The semiconductor giant is investing $20 billion to add plants in U.S. and Europe.

Jeffrey Schwartz

March 25, 2021

5 Min Read
Chart a Business Path

In a major pivot, Intel CEO Pat Gelsinger says the semiconductor giant will manufacture chips for competitors. Intel will also invest $20 billion to aggressively add manufacturing plants in the U.S. and Europe.

Looking to the future, Intel is partnering with IBM.

Gelsinger this week delivered the sweeping and aggressive blueprint, describing how he intends to restore Intel’s technical and market leadership.

As the largest provider of semiconductors for PCs and servers, Intel has fallen behind its rivals in recent years. Looking to reverse that tide, Intel tapped Gelsinger, as CEO in January. Gelsinger’s presentation  represents swift actions that could shape the competitive environment for device, data center and cloud compute infrastructure for years to come.


Intel’s Pat Gelsinger

“We are the only company with the depth and breadth of software silicon platforms packaging and process with at-scale manufacturing our customers depend on for their next-generation innovations,” the Intel CEO said. “To meet this moment and position our company for the future, I am setting a course for a new era of innovation and technology leadership.”

Besides offering Intel’s client and data center CPU road map, Gelsinger revealed an ambitious plan to create more efficient manufacturing capacity. Intel describes the effort as the second generation of its integrated device manufacturing (IDM 2.0) model.

Intel’s $20 billion expansion of manufacturing capacity in the U.S. and Europe aims to lessen its dependency on one region. Currently, 80% of Intel’s manufacturing plants are in Asia. The company broke ground on the first of two new plants on Monday at its campus in the Phoenix area. Gelsinger said Intel will launch a second site in the U.S. and one in Europe within the year.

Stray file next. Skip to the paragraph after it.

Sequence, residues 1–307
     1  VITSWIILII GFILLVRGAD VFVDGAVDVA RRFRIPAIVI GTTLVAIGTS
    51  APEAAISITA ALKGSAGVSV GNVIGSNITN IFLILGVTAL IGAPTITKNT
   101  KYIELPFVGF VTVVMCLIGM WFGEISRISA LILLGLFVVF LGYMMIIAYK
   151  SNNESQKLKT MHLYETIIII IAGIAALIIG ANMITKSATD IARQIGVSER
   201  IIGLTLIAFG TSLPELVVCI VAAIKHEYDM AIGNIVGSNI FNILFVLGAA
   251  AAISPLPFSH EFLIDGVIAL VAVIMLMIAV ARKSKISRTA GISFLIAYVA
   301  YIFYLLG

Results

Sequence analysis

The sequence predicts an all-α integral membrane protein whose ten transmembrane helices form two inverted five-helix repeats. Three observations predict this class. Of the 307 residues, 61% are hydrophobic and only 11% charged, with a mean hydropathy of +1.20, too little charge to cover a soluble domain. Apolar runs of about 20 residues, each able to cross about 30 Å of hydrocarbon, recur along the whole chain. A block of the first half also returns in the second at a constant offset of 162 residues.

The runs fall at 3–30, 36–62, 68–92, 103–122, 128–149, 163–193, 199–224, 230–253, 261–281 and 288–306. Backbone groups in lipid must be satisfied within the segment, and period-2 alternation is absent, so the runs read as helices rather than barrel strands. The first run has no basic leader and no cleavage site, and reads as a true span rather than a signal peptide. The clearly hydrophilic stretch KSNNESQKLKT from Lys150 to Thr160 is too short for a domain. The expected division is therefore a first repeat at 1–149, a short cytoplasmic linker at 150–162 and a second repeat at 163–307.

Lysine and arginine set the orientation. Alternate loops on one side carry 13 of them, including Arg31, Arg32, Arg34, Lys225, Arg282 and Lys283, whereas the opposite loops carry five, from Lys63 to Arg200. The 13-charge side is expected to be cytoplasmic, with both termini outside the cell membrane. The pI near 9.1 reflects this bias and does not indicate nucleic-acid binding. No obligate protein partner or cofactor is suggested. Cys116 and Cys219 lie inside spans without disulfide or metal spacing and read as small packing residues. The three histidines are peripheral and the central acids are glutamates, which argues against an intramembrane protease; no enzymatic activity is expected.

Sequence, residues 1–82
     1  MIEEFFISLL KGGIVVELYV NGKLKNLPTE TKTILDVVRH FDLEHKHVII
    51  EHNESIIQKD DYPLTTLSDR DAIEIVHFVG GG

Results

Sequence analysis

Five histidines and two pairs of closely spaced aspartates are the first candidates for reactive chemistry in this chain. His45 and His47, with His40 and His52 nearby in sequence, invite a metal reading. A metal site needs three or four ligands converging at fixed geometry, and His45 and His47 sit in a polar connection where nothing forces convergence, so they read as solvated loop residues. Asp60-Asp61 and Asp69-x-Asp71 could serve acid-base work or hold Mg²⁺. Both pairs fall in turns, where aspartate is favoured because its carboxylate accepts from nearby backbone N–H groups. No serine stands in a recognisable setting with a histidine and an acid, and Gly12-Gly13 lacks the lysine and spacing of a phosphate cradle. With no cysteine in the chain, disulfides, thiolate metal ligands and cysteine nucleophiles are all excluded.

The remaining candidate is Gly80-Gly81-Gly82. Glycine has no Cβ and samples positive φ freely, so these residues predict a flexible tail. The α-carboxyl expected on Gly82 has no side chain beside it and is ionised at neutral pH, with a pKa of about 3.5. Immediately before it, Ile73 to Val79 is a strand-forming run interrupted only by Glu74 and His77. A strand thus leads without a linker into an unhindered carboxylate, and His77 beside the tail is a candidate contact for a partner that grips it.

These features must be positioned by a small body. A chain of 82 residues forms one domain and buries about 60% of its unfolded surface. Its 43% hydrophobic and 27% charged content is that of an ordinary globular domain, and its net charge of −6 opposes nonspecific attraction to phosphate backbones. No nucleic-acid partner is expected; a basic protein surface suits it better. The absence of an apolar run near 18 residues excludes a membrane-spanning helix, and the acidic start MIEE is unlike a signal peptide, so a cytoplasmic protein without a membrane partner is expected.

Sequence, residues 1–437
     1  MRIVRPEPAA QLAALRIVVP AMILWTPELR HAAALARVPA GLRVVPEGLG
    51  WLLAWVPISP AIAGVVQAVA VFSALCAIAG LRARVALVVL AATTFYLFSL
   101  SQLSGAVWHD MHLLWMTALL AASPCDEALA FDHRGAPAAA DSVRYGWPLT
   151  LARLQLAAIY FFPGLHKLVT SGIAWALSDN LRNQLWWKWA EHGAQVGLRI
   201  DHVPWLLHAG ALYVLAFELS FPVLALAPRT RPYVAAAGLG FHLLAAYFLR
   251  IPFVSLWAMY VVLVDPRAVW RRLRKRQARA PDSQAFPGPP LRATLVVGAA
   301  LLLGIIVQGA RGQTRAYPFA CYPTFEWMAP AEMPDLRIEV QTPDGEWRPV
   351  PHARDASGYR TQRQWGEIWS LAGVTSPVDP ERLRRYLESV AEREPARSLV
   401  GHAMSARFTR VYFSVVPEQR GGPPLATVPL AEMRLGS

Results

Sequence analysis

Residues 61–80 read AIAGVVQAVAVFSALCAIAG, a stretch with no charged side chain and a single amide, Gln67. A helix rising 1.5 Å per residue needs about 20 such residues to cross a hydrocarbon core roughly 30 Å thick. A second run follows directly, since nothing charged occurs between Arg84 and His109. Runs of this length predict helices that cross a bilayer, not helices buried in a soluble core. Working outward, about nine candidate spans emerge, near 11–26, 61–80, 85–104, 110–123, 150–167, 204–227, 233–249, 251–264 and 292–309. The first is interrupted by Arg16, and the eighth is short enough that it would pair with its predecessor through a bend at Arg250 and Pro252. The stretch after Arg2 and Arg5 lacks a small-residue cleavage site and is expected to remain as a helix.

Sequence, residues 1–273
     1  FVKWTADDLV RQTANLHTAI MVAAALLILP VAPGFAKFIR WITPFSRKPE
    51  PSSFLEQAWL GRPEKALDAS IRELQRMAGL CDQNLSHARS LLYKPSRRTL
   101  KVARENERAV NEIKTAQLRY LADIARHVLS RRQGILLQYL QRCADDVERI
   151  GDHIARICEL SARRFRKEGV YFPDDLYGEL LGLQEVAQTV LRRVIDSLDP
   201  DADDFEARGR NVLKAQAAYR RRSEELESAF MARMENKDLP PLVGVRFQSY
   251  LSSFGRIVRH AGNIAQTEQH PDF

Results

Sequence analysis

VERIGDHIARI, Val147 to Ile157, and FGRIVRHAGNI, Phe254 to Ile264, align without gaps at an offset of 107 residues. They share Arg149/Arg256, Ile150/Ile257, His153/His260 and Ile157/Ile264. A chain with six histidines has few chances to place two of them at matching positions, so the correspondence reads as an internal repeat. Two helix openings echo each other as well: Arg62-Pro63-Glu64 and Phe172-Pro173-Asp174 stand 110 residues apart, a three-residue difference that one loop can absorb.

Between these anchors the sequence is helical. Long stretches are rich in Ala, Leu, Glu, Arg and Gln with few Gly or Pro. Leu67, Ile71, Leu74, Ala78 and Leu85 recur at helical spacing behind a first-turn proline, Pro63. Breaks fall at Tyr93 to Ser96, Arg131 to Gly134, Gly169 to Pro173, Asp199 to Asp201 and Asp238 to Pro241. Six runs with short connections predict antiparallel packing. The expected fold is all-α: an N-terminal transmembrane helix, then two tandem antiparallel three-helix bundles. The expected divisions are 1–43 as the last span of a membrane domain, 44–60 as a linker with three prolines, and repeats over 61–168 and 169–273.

Intel Foundry Services

The most notable departure for Intel is the decision to provide manufacturing capabilities to other chipmakers, including competitors. The company launch of Intel Foundry Services is a separate business unit. Gelsinger said Intel Foundry Services will satisfy unmet and growing demand for semiconductors.

“We see strong market demand overall,” the Intel CEO said. “The combination of our internal and external capacity requirements allows us to build ahead, create more capacity, that we can be satisfying those collective needs of our customers. And underneath that we’ll meet our commitments.”

As a separate business unit, Intel Foundry Services will be accountable for its own profit and loss performance, Gelsinger said.

“Obviously, we’re going to work hard to always be on the front foot of the technology, of the capacity and overachieving on every aspect of our businesses as we look forward,” he said.

Historically, Intel has shunned such a move, despite frequent calls for …

… the company to do so. Industry analyst Jack Gold of J. Gold Associates said the creation of Intel Foundry Services is a controversial decision.


J. Gold Associates’ Jack Gold

“Outsourced manufacturing may be attractive from a ‘bookkeeping’ position but is not necessarily the best way to build high-performance processors,” Gold wrote in a research note.

Despite Gelsinger’s promise of potential “coopetition,” shares of rival companies that manufacture chips, including Apple, Qualcomm, Samsung and TSMC, fell on Tuesday.

Partnership with IBM

Intel has also tapped IBM to collaborate on research to advance silicon process and packaging technology.